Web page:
I like to check old cannon fables when possible, especially those involving Spanish cannons which interest me more than some others. Here’s the current James D. Julia Auctioneers’ description of one they will sell in March:
“RARE SPANISH 3-POUNDER BRONZE CANNON CAPTURED BY AMERICANS AT VERA CRUZ DURING THE MEXICAN WAR.
SN 697. Cal. 3″ bore. This 3-pounder Howitzer has great provenance, once being in the US Cartridge Collection, previously cataloged in the 1899 catalog of the A. E. Brooks Collection. This gun was on display at the St. Louis World Exposition in 1904, along with other captured cannon from the Battle of Vera Cruz. Like other 3-pounder late-18th and early-19th century 3-pounder Spanish Howitzers, overall length is 30″ with a 3″ bore. The associated carriage dates from the 19th century and has Brooks inventory number “2229” stamped. There is also a metal plate with a previous number “2153” which is possibly the previous collection number of A. Gerald Hull Collection of Saratoga, New York. Gun is in beautiful condition with smooth bronze and SNd on one trunnion “No 169”. PROVENANCE: Augustus Gerald Hull Collection,( 1858-1893); A. E. Brooks, Hartford, Connecticut, 1893; US Cartridge Collection, 1902; sold in auction by Robbins H. Ritter, East Hartford, Connecticut, 1942; Butterfield & Butterfield Auction. CONDITION: Very good overall including accompanying carriage. Tube has light mustard patina with numerous small dings and dents expected after 200 years. 52863-3 JS (6,000-8,000) – Lot 134”. I’ve posted here previously about these small Spanish Weapons so I won’t repeat any of that now-if you are interested, the forum search engine can locate those posts.
Since the catalogs of two earlier collections it was in are online, I looked. The Julia description adds a few things to the descriptions in the earlier catalogs. Julia is the first to describe it (accurately) as a Spanish howitzer. The earlier descriptions left its nationality out and didn’t mention anything about capture, instead implying (my reading anyway) that it was used by US forces at Vera Cruz in the Mexican War. The Brooks (1899) and the USCC (1903) catalogs contain identical text (see image of page from 1903 USCC catalog below.)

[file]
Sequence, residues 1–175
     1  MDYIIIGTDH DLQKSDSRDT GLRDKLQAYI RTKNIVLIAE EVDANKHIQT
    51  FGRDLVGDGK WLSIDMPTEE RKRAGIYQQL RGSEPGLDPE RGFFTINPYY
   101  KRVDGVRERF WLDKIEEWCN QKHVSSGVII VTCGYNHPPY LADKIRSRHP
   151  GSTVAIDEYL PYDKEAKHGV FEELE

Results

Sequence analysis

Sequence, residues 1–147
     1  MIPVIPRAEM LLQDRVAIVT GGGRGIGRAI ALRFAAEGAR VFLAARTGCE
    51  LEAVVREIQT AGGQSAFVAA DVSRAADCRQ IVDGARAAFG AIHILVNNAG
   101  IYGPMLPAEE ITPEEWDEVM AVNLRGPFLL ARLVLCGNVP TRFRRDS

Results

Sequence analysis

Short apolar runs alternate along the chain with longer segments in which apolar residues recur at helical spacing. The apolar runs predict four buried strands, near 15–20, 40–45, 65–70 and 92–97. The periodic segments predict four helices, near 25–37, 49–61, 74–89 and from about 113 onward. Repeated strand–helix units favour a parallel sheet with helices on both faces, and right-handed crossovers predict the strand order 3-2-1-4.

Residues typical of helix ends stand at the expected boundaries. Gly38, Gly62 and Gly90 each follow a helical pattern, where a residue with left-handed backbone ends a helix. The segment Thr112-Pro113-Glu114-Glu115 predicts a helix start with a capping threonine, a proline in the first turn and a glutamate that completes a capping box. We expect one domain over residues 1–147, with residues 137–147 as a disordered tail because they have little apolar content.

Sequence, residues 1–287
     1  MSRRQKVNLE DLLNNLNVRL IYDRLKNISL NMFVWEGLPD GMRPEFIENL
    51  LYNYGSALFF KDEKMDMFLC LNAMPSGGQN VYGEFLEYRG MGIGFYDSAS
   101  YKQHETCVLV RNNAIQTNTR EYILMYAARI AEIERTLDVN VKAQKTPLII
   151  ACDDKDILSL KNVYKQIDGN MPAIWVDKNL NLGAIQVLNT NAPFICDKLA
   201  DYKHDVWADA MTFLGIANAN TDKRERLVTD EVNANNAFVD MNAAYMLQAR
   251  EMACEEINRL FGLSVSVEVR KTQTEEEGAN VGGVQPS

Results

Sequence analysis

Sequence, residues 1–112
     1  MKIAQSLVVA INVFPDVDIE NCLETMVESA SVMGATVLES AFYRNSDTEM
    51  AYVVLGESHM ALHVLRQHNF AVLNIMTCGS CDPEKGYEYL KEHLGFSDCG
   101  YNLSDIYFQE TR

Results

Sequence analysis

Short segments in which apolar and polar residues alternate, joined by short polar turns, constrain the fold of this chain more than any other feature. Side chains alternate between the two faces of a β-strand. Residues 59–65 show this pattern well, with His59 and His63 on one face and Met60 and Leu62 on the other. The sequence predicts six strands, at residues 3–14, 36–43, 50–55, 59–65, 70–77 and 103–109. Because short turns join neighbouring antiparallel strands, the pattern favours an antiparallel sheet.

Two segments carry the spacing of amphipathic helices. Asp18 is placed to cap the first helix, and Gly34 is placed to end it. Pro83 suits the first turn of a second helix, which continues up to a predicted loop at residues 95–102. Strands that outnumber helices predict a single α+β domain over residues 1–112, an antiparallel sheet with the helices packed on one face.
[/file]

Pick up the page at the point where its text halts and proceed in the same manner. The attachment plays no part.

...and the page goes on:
I couldn’t find a reference mentioning this cannon as part of the 1904 St. Louis Exposition, but I didn’t spend much time looking, but since it was property of the US Cartridge Company at that time, if they had an exhibit in St. Louis, the claim is at least believable, but if not I’d seriously doubt it was there.
I’ve found no reason to believe the earlier catalogs’ statements that this small howitzer was at the Battle of Vera Cruz and employed by either side. I’ve been through the deck logs of all the ships that made entries regarding captured cannon cargo at Vera Cruz in 1847, and nothing this small was mentioned. As I recall the smallest guns taken aboard were much larger than the small howitzer under discussion. Some ships described each captured cannon in great detail including all markings, and some only gave material (mostly bronze), caliber, and length. Most of these pieces are now on outdoor display at the US Naval Academy, Annapolis, MD. The U.S. Army also hauled away many cannons from Fort San Juan de Ulloa, but from what I’ve found, those were also large pieces. (To be continued)
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